Role Of Huckleberry Finn By Mark Train In American Literature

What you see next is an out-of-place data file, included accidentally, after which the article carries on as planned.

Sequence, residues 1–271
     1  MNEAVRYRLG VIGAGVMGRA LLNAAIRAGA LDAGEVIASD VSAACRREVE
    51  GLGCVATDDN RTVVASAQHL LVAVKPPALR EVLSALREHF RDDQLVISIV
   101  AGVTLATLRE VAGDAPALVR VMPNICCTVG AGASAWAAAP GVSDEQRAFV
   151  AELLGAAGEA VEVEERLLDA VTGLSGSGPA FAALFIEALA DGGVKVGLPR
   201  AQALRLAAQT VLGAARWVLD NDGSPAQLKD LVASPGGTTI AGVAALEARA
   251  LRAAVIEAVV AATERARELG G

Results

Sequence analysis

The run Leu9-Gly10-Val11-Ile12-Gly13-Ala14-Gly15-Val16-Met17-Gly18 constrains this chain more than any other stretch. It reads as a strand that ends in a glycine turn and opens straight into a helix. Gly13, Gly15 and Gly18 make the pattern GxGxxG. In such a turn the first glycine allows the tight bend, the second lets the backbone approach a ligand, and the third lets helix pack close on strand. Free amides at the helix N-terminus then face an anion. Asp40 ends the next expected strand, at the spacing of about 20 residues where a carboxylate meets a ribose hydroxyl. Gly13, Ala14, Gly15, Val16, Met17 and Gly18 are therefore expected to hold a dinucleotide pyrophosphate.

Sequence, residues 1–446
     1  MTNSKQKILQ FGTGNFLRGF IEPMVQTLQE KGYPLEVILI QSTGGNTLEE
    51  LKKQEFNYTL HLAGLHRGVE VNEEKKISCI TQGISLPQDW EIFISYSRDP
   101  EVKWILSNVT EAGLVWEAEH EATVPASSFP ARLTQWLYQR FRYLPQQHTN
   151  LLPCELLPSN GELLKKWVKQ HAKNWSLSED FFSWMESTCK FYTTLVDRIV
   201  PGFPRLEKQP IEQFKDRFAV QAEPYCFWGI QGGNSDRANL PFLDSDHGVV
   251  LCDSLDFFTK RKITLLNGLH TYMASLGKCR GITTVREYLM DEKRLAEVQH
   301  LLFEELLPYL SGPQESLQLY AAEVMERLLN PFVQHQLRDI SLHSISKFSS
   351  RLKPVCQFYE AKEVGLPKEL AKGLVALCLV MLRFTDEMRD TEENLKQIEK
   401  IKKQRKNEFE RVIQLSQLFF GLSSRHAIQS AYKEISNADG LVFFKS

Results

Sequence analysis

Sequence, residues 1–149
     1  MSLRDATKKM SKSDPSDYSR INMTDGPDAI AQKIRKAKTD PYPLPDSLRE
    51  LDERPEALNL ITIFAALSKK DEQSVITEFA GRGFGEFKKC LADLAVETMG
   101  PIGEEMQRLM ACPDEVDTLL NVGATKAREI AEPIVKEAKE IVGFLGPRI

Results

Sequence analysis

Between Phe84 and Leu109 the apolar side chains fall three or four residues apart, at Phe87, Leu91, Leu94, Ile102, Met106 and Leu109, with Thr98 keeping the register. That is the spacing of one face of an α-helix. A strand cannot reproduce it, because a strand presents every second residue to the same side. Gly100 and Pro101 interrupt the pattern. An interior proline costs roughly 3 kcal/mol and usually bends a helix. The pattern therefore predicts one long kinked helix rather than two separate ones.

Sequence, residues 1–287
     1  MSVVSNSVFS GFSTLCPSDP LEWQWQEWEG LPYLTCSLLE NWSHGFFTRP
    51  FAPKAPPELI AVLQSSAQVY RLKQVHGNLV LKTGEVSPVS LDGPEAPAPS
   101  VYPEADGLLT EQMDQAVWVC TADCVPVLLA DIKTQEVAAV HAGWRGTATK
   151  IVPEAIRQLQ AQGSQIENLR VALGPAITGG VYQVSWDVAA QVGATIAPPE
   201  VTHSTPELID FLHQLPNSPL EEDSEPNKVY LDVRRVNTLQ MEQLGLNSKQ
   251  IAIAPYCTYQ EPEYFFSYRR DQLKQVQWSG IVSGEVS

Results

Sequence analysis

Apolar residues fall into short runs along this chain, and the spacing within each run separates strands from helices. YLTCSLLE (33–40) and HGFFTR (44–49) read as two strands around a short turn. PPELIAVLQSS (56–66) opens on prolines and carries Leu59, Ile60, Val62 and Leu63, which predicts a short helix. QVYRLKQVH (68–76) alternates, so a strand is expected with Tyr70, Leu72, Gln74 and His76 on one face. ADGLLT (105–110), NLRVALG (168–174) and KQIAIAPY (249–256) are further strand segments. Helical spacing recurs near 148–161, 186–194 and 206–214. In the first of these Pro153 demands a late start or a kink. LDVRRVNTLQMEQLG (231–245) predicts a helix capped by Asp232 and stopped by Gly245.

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"All modern American literature comes from one book by Mark Twain called Huckleberry Finn," according to Ernest Hemingway. Along with Ernest, many others believe that Huckleberry Finn is a great book, but is the novel subversive? Since this question is frequently asked, people have begun to look deeper into the question to see if this novel is acceptable for students in schools to read. First off subversive means something is trying to overthrow or destroy something established or to corrupt (as in morals). According to Lionel Trilling, " No one who reads thoughtfully the dialectic of Huck's great moral crisis will ever again be wholly able to accept without some question and some irony the assumptions of the respectable morality by which he lives, or will ever again be certain that what he considers the clear dictates of moral reason are not merely the engrained customary beliefs of his time and place." Trilling feels that Huck Finn is such a subversive character that this will not make people believe in something totally again, because they will fear being wrong like the society in Huckleberry Finn was. I believe this and I think the subversion in the novel is established when Mark Twain begins to question the acceptable morality of society. Twain uses humor and effective writing to make Huckleberry Finn a subversive novel about society in the 19th century. Huck Finn, a boy referred to as "white trash," is a boy that has grown up believing totally what society as taught him. This passage shows an example of how society teaches him. "…And keep them till they're ransomed." "Ransomed? What's that?" "I don't know. But that's what they do. I've seen it in the books, and so of course that's what we've got to do." "Well how can we do it if we don't know what it is?" "Why, blame it all, we've got to do it. Don't I tell you it's in the books? Do you want to go to doing different from what's in the books, and get things all muddled up?" (8-9) This is a conversation between Tom Sawyer and his gang of robbers. This shows how the boys are influenced by society and believe they most follow exactly what is in the books, because that is the right way to do things. In today's society, ransoming someone is a huge crime and is totally unacceptable. In this book, Twain makes ransoming a humorous issue. In fact, throughout the novel Twain makes violence a humorous issue and does not act upon it as a serious issue. This goes with the whole theme of the novel that there is no moral. The way Huck has been raised, he has no clue that what Tom's gang wants to do is ludacrist, and should be totally unacceptable. Twain uses this conversation also to show the beginning of questioning throughout the novel. This will show a pattern of how Huck questions things to learn. Whatever Hucks hears, he believes is the right and acceptable answer. Tom's Gang of Robbers was a part of humorous violence in the novel, but Huck would run into real violence as well. Huck faked his death, and headed down the river, and he decides to go ashore and stays with a stranger family named the Grangerfords Word Count: 550

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